Vale: Gordon Bennett 1955–2014
Wednesday 23 July 2014 Share FacebookDelicious Email

1989.037a-c_002_part a_CleanCropThe panels of Gordon Bennett’s ‘Triptych: Requiem, Of Grandeur, Empire’ are superimposed with Renaissance visual schema often used in Western art. Each panel features appropriated imagery to convey Bennett’s political stance. The left panel shown here is titled Requiem with a bitter irony — it depicts Truganini, historically described as ‘the last Tasmanian Aborigine’, and the figurehead for a supposedly dead race | Gordon Bennett, Australia 1955-2014 / Triptych: Requiem, Of Grandeur, Empire (detail) 1989 / Oil and photograph on canvas / Triptych / Purchased 1989 under the Contemporary Art Acquisition Program with funds from Hill & Taylor, Solicitors through the Queensland Art Gallery Foundation / © Estate of the artist

With great sadness, the Gallery acknowledges the passing of Gordon Bennett on 3 June 2014. Indisputably one of Australia’s most significant contemporary artists, Bennett made extraordinarily nuanced, clear and consistent contributions to discussions around race, identity, socialisation, colonialism, globalisation and citizenship in this country.

Gordon Bennett’s arrival on the Brisbane art scene is one I will never forget. I vividly recall his first show at Peter Bellas Gallery in Adelaide Street in 1989. It was one of the most insistently accomplished and coherent exhibitions you could imagine from such a young artist. It didn’t seem possible that he was so newly emerged from art school.

The Gallery acquired several works from that show but it is Triptych: Requiem, Of Grandeur, Empire that still stands as an enduring leitmotif of Gordon’s uncompromising but eloquent address to history. I knew his work best in the late 80s to mid-90s, when it featured in the ground-breaking exhibition ‘Balance 1990: views, visions, influences’ at QAG, and in the Art Gallery of New South Wales’s survey of contemporary Australian work ‘Perspecta’.  He won the prestigious Moet & Chandon Australian Art Fellowship in 1991 and was invited by renowned curator Fumio Nanjo to show in the Aperto section of the 46th Venice Biennale in 1995.

1989.037a-c_001_composite_1989_CleanCropGordon Bennett / Triptych: Requiem, Of Grandeur, Empire 1989 / Oil and photograph on canvas / Triptych / Purchased 1989 under the Contemporary Art Acquisition Program with funds from Hill & Taylor, Solicitors through the Queensland Art Gallery Foundation / © Estate of the artist

Although much of his work dealt with his Aboriginal heritage, Bennett refused to be categorised as an Indigenous artist. He resisted being included in Aboriginal art displays and instead maintained that he was a contemporary artist – his point being that all artists should be treated as equal, regardless of race or heritage. As he once explained:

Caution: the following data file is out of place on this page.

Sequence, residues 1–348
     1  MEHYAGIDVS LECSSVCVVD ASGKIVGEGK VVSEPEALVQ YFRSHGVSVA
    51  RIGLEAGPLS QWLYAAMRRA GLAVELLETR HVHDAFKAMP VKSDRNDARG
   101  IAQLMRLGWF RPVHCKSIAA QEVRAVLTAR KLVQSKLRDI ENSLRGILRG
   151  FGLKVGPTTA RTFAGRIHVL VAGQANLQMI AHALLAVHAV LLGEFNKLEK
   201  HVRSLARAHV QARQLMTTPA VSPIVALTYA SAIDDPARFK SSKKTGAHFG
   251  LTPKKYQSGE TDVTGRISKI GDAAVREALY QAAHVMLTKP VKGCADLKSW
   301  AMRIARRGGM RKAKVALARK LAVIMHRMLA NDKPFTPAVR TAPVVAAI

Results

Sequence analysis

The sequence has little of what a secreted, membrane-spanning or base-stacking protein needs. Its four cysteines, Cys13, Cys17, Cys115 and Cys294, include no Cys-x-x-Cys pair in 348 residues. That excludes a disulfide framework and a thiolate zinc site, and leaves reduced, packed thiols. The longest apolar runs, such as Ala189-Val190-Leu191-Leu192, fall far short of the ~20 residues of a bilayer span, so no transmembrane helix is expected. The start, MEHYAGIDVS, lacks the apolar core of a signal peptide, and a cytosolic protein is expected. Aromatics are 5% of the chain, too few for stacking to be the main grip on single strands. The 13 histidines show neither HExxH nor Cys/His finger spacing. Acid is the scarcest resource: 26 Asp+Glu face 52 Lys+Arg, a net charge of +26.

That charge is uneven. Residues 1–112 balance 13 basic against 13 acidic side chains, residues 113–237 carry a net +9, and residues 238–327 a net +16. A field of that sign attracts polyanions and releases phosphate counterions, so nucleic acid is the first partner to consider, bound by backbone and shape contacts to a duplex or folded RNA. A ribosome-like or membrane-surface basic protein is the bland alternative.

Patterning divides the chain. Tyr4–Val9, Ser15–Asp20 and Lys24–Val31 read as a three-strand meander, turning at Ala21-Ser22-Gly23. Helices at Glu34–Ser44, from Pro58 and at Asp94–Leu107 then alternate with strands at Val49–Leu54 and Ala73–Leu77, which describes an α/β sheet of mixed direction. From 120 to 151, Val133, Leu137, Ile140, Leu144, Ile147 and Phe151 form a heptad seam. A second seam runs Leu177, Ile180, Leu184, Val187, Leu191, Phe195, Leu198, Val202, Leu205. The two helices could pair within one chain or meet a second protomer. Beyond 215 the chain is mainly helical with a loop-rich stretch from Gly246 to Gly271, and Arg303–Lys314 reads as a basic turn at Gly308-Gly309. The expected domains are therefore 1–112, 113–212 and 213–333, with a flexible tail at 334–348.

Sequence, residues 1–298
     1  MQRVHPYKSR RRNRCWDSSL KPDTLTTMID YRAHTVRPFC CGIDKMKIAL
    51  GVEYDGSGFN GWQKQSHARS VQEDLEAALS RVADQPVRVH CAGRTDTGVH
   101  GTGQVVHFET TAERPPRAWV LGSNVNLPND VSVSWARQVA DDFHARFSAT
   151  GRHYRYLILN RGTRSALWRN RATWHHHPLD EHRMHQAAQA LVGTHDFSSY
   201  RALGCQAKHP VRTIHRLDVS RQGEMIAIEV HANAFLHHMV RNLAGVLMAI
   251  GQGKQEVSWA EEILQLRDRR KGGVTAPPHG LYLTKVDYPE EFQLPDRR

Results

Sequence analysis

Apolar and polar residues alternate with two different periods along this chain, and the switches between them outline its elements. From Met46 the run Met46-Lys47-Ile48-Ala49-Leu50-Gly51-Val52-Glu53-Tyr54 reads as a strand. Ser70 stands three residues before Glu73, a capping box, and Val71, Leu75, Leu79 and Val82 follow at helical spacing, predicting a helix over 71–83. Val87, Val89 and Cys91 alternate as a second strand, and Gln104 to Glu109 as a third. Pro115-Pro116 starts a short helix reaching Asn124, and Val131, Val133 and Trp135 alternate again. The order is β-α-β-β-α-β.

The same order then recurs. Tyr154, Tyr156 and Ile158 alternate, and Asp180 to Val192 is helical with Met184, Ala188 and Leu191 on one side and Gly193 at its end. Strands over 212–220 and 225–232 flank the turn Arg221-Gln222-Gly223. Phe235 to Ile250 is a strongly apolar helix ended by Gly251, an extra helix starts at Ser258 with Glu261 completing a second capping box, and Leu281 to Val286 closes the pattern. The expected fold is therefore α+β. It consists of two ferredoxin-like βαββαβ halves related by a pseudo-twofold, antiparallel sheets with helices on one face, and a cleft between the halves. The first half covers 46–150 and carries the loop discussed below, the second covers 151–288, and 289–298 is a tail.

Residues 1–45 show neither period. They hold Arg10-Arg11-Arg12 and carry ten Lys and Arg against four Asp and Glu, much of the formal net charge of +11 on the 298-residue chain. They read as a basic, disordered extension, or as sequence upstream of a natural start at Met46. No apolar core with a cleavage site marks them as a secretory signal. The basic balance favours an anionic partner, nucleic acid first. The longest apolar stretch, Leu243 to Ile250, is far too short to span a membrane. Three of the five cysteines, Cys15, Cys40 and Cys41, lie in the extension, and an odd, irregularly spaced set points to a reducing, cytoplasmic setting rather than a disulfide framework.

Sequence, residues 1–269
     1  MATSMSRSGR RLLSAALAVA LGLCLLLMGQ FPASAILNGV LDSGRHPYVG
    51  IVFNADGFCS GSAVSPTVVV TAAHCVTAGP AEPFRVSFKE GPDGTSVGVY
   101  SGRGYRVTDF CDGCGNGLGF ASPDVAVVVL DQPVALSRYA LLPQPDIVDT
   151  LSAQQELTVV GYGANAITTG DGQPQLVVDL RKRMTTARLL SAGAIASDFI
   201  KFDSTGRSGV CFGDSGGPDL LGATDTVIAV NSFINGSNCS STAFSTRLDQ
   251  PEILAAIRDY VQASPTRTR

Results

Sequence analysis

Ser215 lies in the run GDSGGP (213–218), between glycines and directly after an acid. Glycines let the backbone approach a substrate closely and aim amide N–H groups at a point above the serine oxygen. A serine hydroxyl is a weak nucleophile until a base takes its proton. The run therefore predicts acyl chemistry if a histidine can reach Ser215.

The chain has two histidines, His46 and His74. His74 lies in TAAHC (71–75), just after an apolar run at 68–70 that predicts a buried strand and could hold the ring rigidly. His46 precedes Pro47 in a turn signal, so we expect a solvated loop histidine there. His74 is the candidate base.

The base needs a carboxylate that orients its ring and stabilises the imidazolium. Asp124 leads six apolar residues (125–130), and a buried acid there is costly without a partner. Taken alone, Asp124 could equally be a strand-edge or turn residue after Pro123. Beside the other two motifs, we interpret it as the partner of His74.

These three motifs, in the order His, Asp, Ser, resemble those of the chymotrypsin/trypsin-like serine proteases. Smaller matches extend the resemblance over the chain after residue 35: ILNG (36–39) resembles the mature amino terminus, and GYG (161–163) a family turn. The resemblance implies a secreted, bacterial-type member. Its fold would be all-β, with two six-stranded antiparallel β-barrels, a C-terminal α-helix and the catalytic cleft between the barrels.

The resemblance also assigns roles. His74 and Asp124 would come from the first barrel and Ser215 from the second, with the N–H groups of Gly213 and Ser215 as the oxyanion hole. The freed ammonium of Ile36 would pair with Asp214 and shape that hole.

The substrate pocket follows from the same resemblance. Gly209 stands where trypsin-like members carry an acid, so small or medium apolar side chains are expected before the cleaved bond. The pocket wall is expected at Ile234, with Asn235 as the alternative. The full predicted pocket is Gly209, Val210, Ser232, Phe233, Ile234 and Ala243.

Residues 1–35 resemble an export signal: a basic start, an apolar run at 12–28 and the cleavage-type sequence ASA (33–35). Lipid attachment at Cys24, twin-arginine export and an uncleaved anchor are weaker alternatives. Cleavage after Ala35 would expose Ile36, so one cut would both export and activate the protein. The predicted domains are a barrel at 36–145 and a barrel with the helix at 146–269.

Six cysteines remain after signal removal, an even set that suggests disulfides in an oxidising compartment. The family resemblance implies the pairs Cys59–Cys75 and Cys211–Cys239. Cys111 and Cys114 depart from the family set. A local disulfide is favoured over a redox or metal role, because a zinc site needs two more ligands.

I didn’t go to art college to graduate as an ‘Aboriginal Artist’. I did want to explore ‘Aboriginality’, however, and it is a subject of my work as much as are colonialism and the narratives and language that frame it, and the language that has consistently framed me. Acutely aware of the frame, I graduated as a straight honours student of ‘fine art’ to find myself positioned and contained by the language of primitivism as an ‘Urban Aboriginal Artist’.

For me, the conceptual architecture of Gordon’s work was built on an always thoughtful and intelligent address to history – be it that of his family, of the current condition of Indigenous Australia, or the collapse of these things into and through classical and western art history.

2009.078_001_Blog_72dpix570pxwGordon Bennett / Notes to Basquiat: Aboriginality 1998 / Synthetic polymer paint on canvas / Gift of Scott Redford through the Queensland Art Gallery Foundation 2009. Donated through the Australian Government’s Cultural Gifts Program / © Estate of the artist

Gordon’s unexpected death comes at a time when his work is finding new audiences across the globe, most recently through the Berlin Biennale in 2014 and dOCUMENTA 13 in 2012. We take consolation in the knowledge that he was able to quietly enjoy this international respect and recognition from his peers and audiences — and that his bold, rigorous and honourable cultural influence will be felt for generations.

His work will continue to resonate and to gain even more importance as Indigenous and non-Indigenous Australians seek to find some form of reconciliation with their histories. Never more than now have we needed artists to speak truth to the power of that history. Australia and Australian art has lost an authoritative contributor to that dialogue.

With information supplied by Peter McKay, Curator, Contemporary Australian Art and Bruce McLean, Curator, Indigenous Australian Art